Trains and Planes – Transportation in China

Hello Friends!

I hope the beginning of May is treating everyone kindly – it definitely has for me! Tomorrow is my 21st birthday (uh-oh) and as a present to myself and from my parents (Thanks Mom and Dad…) I took a trip to Xi’an and Chengdu! These are two extremely cool cities in middle-western China that are each packed with culture, good food, and things to see and do. This was particularly exciting as the novelty of living in Shanghai is wearing off, and even beginning to make me feel a little insane. What is a Kentucky girl like me doing in a city this big? Who am I kidding? Talk about stress.

Speaking of stress, it occurs to me that I haven’t talked about something that affects people every day: transportation! Planes, trains, cars, buses, subways…this type of thing. Well, its not all that exciting or different here in China, other than the horrifically scary traffic patterns (lets just say speed limits and road markings tend to be taken more as a…suggestion here) or the public buses resembling caterpillar.


Okay, so, bad picture. But do you see it? It totally looks like a big yellow caterpillar!

That picture really has nothing to do with my story, but I thought you should know what the Chinese caterpillar buses looked like.

Passenger trains are a very common form of long-distance transportation. Planes are definitely more faster, but mainly for families with enough money to drop on tickets. The trains are usually cheaper, as they are much slower and perhaps not as comfortable. (I have taken a few high-speed trains, which were very comfortable and nice). Aside from three cities, everywhere in China I have traveled to I have traveled to by train. And I have now been to sixteen! It is a very authentic, Chinese experience and I would not have it any other way.

These trains have a few different types of tickets. There are the soft-sleeper tickets, the most expensive, which include a private room on the train and a comparatively comfortable bed. There are the hard-sleeper tickets, less expensive, which are not private but rather are beds lined up along the hallway of the train. These tickets divide into three types: top, middle, and bottom, which basically denotes where the bed is on the wall. There are seat tickets, much less expensive, which are…well, seats. And then there are just tickets. Dirt cheap. But…it means many hours standing, or crouching in the small spaces near the bathrooms. If you ask me, its worth it  to shell out a bit more money.

I want to tell you the story of my most recent train ride to Xi’an. Its a shame we don’t have more passenger trains in America – it is such an easy and convenient way to travel. However, this most recent trip was convenient, but was in no way easy.

The train from Shanghai to Xi’an is about 22 hours long, as there is no fast train to that part of the country like there is to, for example, Beijing. Because the trains are so long, they are usually night trains – this way, passengers can spend the majority of the trip asleep. However, our train – because of the duration – left at about 2:50 on a Sunday afternoon. We had seat tickets, as we didn’t buy the tickets early enough in advance to grab the hard sleepers we usually go for. 22 hours in a chair – sounds like an adventure!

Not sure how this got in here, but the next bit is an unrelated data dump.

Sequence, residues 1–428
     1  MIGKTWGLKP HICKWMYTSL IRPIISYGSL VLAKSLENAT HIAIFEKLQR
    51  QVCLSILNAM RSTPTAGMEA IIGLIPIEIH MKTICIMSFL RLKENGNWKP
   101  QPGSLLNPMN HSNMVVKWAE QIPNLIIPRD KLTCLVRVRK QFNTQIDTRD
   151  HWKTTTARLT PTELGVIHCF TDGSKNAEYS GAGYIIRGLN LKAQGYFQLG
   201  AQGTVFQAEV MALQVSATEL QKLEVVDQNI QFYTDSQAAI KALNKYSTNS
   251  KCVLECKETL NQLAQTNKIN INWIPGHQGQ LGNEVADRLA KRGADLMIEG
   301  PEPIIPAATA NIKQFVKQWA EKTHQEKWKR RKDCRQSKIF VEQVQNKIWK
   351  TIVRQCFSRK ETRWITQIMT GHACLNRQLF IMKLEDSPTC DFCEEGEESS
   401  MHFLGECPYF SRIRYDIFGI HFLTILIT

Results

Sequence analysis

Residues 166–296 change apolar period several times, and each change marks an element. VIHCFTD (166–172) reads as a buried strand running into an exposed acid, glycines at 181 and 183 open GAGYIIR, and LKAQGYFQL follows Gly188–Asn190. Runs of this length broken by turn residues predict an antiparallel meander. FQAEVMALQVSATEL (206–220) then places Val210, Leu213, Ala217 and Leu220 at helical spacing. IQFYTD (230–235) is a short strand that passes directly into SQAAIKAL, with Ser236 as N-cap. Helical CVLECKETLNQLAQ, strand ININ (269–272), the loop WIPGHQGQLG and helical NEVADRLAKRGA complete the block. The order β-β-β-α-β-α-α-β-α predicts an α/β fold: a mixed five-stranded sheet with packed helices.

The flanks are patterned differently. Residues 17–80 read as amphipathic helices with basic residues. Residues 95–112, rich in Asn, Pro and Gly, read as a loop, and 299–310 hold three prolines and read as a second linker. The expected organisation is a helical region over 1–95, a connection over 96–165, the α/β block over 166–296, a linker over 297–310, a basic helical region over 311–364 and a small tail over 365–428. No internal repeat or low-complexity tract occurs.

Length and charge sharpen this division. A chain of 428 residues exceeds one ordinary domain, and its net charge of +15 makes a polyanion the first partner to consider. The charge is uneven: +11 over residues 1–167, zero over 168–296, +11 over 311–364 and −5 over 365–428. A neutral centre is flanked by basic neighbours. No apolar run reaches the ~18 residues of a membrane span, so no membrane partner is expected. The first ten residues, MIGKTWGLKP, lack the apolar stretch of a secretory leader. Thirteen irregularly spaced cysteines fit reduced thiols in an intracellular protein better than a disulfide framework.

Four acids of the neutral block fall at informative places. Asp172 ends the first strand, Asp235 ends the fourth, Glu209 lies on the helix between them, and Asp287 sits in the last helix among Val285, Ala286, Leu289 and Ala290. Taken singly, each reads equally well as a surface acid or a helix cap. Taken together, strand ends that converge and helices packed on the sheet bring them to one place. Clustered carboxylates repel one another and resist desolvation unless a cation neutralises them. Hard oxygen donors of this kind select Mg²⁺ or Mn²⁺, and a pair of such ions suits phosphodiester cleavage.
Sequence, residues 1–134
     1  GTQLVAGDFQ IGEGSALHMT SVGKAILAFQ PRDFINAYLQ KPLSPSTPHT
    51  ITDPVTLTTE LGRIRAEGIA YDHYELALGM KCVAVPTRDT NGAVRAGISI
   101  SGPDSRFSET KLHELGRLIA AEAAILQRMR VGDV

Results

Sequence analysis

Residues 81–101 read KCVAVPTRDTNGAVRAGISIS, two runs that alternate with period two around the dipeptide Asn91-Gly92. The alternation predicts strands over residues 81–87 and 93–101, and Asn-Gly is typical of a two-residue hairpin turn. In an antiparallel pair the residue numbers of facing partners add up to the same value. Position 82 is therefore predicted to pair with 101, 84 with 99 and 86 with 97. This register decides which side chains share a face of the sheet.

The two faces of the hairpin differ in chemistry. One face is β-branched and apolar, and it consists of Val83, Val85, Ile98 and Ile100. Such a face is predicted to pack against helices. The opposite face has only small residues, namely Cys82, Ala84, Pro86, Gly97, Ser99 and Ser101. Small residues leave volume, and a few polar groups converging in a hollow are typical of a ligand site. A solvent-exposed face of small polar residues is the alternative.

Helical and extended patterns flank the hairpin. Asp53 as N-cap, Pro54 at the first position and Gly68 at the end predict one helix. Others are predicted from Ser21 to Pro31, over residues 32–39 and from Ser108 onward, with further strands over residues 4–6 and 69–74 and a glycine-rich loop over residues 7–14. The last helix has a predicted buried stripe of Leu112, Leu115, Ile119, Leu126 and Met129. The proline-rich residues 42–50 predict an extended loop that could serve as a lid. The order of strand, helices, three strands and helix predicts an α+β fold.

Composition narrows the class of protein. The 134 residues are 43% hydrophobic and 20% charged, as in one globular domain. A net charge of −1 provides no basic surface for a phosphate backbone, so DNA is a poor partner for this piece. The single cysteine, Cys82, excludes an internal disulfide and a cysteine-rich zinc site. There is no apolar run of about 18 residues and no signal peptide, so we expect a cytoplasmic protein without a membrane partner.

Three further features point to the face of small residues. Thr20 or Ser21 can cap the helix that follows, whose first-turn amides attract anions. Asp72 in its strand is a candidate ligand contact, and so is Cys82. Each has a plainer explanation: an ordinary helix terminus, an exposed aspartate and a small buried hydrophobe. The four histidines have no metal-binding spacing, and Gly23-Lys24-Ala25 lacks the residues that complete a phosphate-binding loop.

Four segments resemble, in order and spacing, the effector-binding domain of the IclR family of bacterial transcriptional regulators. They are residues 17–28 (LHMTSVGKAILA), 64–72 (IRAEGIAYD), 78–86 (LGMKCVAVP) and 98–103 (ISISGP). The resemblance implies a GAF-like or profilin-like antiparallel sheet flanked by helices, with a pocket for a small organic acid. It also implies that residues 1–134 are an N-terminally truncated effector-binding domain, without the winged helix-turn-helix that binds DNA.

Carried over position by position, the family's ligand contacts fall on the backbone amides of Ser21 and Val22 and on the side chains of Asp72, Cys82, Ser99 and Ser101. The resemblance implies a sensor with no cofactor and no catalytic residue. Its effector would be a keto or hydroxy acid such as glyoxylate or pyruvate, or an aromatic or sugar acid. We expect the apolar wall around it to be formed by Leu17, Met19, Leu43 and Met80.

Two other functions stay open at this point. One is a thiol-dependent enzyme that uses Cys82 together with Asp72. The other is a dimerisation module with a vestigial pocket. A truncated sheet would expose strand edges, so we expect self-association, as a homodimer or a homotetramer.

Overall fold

Not really.

2 hours in, my butt already hurts from the plastic chair. BUT! I am keeping a good attitude, aware of what I signed up for, and willing to make the best of it. Lets do this!

6 hours in, the sun is going down. I have officially not moved for 8 hours. At all. I am still keeping a good attitude, despite the crying baby and teenager chain smoking, blowing the second hand smoke in my face. I make my delicious dinner of champions, instant noodles, and prepared myself mentally for the coming hours.

Around 11 pm, I took a melatonin and listened to some music, hoping to get a few hours of sleep despite the conditions. My stomach is turning from the instant noodles, the air I am breathing is smoke but at least the baby seems to be okay now. Did I mention that there is a man dressed entirely in yellow sitting across from us? Yellow shirt, pants, shoes….not kidding….

I wake up only about an hour later, head spinning from the sleep medicine not working, sweating – someone has closed the windows – something is leaking from the bathroom, and I do not want to think about what it could be…

Somewhere along the way, I lost my good mood. I felt like I was going to throw up at any minute, and the smoking wasn’t helping. It is safe to say that I was pretty excited to get off the train – in fact, it was all I could think about. My feet were swelling, I couldn’t stop sweating, I was holding my upset stomach…

But I was lucky to have the seat at all. No, it wasn’t a comfortable experience, but there were many more people who either stood, or squatted for the entire 22 hours on the train. These people are my heroes!

The next time we rode the train, from Xi’an to Chengdu, we bought the hard-sleeper tickets. Compared to the long day on the seats, the little train beds felt like a five star hotel! I slept like a log.


Yeah…this is a weird picture. This is Sean, and I tied that funky bandana on his head. Anyway, this is the only picture I had of the sleeper train at all, you can kind of see a bed above his do-ragged head….

In any case, the adventure was amazing, and I wouldn’t change anything about it. I figured this experience might make an interesting story but if it didn’t…hey! You can’t say I didn’t try.

I’ll be back soon with posts about Chendgu, and the Chinese National Pandas Preserve we went to see. It was such a special experience. For now, I am off to celebrate my long-awaited 21st birthday! Cheers!

Namaste,

Hallie

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